Wednesday, April 23, 2008

Diane Swonk Waxes Poetically about Falling House Prices

She writes:

[The housing downturn] not only represents a hit to the American economy, but it represents a hit to the American psyche. It is a straw that breaks the back of working class households who feel they have already given more than their fair share in an economy that penalizes manual labor relative to educational attainment.

A more prosaic way to put it is that home equity is often the only wealth that people in the lower half of the income distribution have. According to the 2004 SCF, 40 percent of those in the bottom quintile of the income distribution have some home equity; only 12 percent own stock.


Acad Ronin said...

Which is why we should question a tax code and other measures that encourage people to hold a portfolio that is undiversified in the extreme as frequently people's jobs and house prices may be positively correlated (think of company towns for an extreme case). Shiller's idea of house price insurance would help.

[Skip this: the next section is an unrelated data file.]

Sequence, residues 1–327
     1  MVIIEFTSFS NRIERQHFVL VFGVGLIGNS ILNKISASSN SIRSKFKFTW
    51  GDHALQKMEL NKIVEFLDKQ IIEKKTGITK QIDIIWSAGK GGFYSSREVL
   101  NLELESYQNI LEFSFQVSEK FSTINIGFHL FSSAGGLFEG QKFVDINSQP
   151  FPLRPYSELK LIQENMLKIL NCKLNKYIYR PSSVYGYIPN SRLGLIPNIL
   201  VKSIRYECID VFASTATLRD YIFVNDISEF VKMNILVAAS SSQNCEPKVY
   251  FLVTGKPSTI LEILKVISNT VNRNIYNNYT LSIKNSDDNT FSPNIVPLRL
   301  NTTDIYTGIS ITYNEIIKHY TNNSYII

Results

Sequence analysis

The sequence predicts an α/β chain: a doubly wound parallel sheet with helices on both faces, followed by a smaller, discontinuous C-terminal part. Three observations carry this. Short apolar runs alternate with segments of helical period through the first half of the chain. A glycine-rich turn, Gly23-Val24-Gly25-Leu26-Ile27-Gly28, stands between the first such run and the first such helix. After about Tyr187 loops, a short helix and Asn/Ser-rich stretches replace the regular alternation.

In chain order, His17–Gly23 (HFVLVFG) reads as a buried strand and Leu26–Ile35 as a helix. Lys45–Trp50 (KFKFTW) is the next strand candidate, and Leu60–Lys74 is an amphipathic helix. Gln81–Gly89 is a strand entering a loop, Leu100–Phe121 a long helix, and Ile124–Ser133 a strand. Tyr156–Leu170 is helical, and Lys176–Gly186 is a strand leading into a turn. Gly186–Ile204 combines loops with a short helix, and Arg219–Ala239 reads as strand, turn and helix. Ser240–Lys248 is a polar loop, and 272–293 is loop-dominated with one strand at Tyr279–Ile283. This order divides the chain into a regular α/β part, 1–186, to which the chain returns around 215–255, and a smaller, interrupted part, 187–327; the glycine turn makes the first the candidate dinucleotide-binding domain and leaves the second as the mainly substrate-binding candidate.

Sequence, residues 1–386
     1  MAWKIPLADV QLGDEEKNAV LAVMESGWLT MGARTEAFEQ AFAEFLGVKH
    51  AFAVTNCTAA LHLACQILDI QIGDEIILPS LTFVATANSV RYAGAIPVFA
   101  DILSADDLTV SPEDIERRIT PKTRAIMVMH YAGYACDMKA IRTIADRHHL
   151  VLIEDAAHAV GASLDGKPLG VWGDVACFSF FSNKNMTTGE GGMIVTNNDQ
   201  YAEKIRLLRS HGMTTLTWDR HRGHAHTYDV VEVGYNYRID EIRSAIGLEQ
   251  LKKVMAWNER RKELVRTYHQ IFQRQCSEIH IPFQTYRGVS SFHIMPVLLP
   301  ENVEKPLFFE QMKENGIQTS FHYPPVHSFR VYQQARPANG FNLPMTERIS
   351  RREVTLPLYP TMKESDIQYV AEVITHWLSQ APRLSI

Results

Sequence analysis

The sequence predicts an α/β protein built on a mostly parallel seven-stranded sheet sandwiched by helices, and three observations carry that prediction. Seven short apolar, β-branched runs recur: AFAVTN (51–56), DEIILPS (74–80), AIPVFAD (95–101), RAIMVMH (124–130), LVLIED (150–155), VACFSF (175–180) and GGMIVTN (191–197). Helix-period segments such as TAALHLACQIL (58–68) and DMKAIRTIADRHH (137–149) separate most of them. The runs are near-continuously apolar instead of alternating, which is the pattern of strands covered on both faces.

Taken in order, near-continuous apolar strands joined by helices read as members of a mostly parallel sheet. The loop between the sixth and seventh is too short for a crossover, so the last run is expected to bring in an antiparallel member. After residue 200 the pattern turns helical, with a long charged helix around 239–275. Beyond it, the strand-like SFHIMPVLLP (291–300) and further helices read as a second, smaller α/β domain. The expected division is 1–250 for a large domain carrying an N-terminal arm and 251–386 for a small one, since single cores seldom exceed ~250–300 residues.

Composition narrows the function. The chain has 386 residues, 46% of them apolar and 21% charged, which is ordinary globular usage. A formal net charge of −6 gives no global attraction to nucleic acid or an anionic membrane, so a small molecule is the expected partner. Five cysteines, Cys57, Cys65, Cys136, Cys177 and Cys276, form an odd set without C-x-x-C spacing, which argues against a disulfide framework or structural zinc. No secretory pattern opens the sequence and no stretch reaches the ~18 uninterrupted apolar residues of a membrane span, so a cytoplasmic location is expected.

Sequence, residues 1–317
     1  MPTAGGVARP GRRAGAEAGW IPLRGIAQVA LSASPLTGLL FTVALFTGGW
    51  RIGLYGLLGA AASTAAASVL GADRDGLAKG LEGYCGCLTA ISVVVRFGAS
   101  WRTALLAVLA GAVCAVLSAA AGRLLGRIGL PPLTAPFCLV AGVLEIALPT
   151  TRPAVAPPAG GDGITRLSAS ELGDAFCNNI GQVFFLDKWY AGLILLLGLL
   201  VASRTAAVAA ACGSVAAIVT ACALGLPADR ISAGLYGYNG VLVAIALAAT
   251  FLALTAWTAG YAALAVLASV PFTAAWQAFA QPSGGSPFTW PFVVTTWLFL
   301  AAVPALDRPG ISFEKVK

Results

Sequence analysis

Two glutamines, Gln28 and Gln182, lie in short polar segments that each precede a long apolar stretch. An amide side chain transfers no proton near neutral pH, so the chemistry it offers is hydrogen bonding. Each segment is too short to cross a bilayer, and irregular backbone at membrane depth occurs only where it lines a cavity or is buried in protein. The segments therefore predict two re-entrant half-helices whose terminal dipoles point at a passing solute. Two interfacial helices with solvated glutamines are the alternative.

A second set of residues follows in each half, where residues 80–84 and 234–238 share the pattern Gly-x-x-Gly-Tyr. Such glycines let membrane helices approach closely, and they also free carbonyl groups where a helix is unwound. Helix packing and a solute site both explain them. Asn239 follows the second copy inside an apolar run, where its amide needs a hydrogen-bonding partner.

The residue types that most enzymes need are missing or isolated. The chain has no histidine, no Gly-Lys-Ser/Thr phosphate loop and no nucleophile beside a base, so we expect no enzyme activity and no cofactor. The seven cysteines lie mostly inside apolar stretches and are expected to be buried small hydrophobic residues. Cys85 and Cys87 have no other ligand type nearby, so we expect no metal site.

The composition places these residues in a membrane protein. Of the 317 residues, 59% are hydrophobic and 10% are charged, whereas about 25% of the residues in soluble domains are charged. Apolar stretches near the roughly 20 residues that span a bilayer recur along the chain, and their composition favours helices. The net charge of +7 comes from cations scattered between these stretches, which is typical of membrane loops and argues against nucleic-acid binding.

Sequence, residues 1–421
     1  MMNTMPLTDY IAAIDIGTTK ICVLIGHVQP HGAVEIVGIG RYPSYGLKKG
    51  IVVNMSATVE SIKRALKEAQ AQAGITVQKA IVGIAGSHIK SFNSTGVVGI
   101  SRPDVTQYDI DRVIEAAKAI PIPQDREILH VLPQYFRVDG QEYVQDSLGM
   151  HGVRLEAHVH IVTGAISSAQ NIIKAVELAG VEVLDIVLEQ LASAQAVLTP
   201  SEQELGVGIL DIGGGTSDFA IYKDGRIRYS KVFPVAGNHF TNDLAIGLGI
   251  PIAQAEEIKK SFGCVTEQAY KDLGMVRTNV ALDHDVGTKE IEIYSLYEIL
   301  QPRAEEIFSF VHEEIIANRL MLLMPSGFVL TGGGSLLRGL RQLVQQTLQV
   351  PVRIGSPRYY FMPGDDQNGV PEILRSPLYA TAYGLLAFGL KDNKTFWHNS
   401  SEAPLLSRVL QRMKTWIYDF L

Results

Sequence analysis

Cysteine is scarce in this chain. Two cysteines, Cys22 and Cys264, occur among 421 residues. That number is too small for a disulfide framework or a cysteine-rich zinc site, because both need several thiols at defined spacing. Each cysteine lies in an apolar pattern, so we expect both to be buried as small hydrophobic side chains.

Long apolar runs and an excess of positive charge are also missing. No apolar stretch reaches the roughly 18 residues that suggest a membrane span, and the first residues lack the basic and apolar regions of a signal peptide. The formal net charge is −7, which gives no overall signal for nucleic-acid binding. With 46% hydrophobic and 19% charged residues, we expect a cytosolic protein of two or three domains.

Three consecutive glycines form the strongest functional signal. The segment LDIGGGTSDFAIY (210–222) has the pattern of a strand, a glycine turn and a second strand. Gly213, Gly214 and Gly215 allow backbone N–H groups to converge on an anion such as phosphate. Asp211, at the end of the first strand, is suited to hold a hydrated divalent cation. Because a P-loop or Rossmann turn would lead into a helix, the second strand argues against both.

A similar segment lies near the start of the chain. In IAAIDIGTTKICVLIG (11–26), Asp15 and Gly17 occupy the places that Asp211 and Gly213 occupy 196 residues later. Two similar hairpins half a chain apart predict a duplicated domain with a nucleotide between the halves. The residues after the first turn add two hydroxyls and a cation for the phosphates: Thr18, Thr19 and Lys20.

Anonymous said...

They store deferred consumption using homes because interest rates are perceived to be negative in the long run. That is, put enough money in a bank account to buy a mid size car, and 10 years later you can no longer buy a mid size car with what is in the account. Prices went up faster than the nominal value of the account. Stocks are too volatile for many people's temperament.

Of course, "savings" in the form of home equity cannot be loaned out. Thus the need to fund business expansion and consumer purchases via foreign savings.

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